OBJECTIVE: Comparing observed and expected distributions of baseline continuous variables in randomized controlled trials (RCTs) can be used to assess publication integrity. We explored whether baseline categorical variables could also be used.
STUDY DESIGN AND SETTING: The observed and expected (binomial) distribution of all baseline categorical variables were compared in four sets of RCTs: two controls, and two with publication integrity concerns. We also compared baseline calculated and reported p-values.
RESULTS: The observed and expected distributions of baseline categorical variables were similar in the control datasets, both for frequency counts (and percentages) and between-groups differences in frequency counts. However, in both sets of RCTs with publication integrity concerns, about twice as many variables as expected had between-group differences in frequency counts of 1 or 2, and far fewer variables than expected had between-group differences of >4 (P<0.001 for both datasets). Furthermore, about 1 in 6 reported p-values for baseline categorial variables differed by >0.1 from the calculated p-value in trials with publication integrity concerns.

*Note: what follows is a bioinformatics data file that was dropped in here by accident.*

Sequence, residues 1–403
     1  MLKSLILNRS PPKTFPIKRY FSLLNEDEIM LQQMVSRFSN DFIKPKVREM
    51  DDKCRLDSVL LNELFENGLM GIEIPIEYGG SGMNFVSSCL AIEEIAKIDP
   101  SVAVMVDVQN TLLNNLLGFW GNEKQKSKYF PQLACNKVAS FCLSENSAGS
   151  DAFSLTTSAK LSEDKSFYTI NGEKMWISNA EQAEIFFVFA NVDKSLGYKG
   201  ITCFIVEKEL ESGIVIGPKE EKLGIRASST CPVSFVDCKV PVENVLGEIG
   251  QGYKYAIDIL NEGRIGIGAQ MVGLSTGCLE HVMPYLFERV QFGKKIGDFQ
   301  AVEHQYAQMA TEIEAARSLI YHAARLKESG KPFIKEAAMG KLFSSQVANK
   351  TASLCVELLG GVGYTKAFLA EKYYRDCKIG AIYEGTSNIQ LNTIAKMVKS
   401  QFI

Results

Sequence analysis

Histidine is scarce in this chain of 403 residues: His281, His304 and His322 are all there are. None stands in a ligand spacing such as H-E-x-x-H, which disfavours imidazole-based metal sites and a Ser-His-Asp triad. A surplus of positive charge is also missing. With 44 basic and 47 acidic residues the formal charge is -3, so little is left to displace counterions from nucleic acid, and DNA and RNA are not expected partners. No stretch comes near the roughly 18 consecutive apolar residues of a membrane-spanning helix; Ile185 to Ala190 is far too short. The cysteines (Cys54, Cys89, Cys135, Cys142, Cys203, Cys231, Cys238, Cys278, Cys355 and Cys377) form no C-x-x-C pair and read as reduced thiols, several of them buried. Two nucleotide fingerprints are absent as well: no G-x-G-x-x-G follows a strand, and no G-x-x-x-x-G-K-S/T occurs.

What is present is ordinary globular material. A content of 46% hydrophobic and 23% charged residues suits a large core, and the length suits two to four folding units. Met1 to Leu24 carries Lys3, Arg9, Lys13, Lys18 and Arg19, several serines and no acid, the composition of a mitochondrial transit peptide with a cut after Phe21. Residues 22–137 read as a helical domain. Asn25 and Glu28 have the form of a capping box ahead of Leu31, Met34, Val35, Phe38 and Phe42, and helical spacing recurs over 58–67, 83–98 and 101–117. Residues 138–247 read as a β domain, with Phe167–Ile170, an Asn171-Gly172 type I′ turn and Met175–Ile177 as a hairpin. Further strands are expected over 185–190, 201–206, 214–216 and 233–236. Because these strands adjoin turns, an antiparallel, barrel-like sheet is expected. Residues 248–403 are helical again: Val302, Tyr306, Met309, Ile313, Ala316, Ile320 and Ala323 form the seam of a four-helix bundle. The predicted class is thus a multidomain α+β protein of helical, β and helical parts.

CONCLUSION: Comparing the observed and expected distributions and reported and calculated p-values of baseline categorical variables may help in the assessment of publication integrity of a body of RCTs.
|Number of pages||7|
|Journal||Journal of Clinical Epidemiology|
|Early online date||27 Dec 2022|
|Publication status||Published - Feb 2023|
- statistical methods
- research integrity
- categorical variables
- data intergrity
- fabricated data